Date of Award

May 2016

Degree Type


Degree Name

Master of Science (MS)


Nutrition Science and Dietetics


Margaret A. Voss


bone, gymnast, micronutrient, pre-menarcheal

Subject Categories

Medicine and Health Sciences


Objective: The purpose of this study was to explore the relationships between dietary intake of vitamin K, vitamin A, vitamin D, fiber, and bone mineral density in a sample of pre-menarcheal female gymnasts and non-gymnasts in the Syracuse-area. The goal was to observe whether higher intakes of these vitamins were associated with higher bone mineral density as measured by dual-energy X-ray absorptiometry (DXA), and to potentially examine the impact of activity level on these relationships.

Methods: A cross-sectional design was used to examine a subset of data from a larger on-going longitudinal study on bone growth and physical activity in young females. The original study was designed to compare activity, and bone density data between gymnast and non-gymnasts. The data used in this analysis were collected from January 2009 to September 2012 from 52 pre-menarcheal female gymnasts and non-gymnasts between the ages of 9-11. Participants were asked to complete Harvard’s Youth/Adolescent Questionnaire biannually to quantify nutrient intake. Annual bone density measurements were taken of the lumbar spine and total body using dual-energy X-ray absorptiometry (DXA). Participants also were asked to self-report physical activity semi-annually during an interview session in which they described the type of activity and hours per week of participation. Tanner breast and pubic stages were self-assessed by subjects at each interview session. Standing height, sitting height, and weight measures were collected at the interview sessions as well.

Participants: The participants were 52 pre-menarcheal female gymnasts and non-gymnasts between the ages of 9-11. The selection criteria for this analysis was limited to participants who self-reported as Tanner Stage I (Tanner breast I and Tanner pubic I) at the time of the annual DXA scan. This criterion minimizes the potentially confounding effects of estrogen on bone density and mineral concentration. Non-Caucasian subjects were not included in this analysis as the original cohort of subjects were predominantly Caucasian and the sample size for the current study was too small to account for racial variation. A factor analysis was performed to decrease the dimensionality of the full data set. A principle component analysis was used to observe groupings of dietary variables and to better understand over all dietary patterns. Pearson correlations, and simple linear regressions were used to identify associations between specific micronutrients and minerals and bone mineral density. Multiple regression analyses and ANOVA (general linear model, GLM) were used to further examine the relationships relationship between bone mineral density and the intake of vitamin A, vitamin D, biologically active vitamin K, and the ratio of vitamin A:D intake while adjusting for physical activity, weight, and age of participants. Statistical significance for all tests was set at the α=0.05 level.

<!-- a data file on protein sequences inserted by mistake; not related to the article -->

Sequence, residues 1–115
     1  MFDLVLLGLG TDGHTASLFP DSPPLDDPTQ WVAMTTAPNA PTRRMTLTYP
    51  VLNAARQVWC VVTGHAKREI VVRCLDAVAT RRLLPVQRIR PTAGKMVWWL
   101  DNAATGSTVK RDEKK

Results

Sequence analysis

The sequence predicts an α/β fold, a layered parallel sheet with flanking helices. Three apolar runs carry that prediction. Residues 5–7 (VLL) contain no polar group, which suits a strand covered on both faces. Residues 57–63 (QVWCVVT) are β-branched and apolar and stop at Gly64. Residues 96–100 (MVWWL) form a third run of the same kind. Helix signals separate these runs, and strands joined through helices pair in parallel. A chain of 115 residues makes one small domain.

Results: Inverse relationships were found between bone mineral density and dietary intake of vitamin A (p=0.018), beta-carotene (p=0.008), fiber (p=0.029), and carotene (p=0.007). Bone mineral density increased with a combination of increased vitamin K1 intake and increased body mass (p=0.0006) and vitamin A and increased body mass (p=0.0001). A complex relationship appears to exist between bone mineral density and the combination of vitamin A and vitamin D intakes. The lowest bone mineral densities were observed in the highest quartile of vitamin A intake; this quartile was well above the tolerable upper limit for the age range of the focal population age range. The lowest bone densities were also associated with the highest levels of vitamin D, which was an unexpected result. However, this quartile of vitamin D intake was also above daily recommend intake levels for the focal population. Although not statistically significant, bone mineral density was lowest when vitamin A was either very high (4th quartile of vitamin A intake, mean ± stdev = 17,317.34 ±4358.86 IU) or very low (1st quartile of vitamin A intake, mean ± stdev = 5243.01 ±1230.68 IU) with respect to vitamin D intake. Intermediate levels of the ratio of the vitamin A intake with reference to vitamin D intake produced the highest bone densities.

Conclusions: Higher intakes of fiber, vitamin A, carotene, and beta-carotene appear to be associated with lower measures of bone mineral density in this study population. Increased difference in the intake of vitamin A with respect to vitamin D appears to be associated with lower measures of bone mineral density, even with intake levels of vitamin D above the EAR and RDA suggested for this age group. This relationship may result from excess preformed vitamin A ingestion leading to increased retinoic acid in the body. Excess retinoic acid has the potential to impair vitamin D’s ability to carry out its own genomic functions. These relationships warrant further exploration in order to improve the understanding of the genomic impact of vitamin A’s impact on bone metabolism in the preadolescent life stages, as well as to aid in the prevention of negative effects on bone mineral density during this time period.


Open Access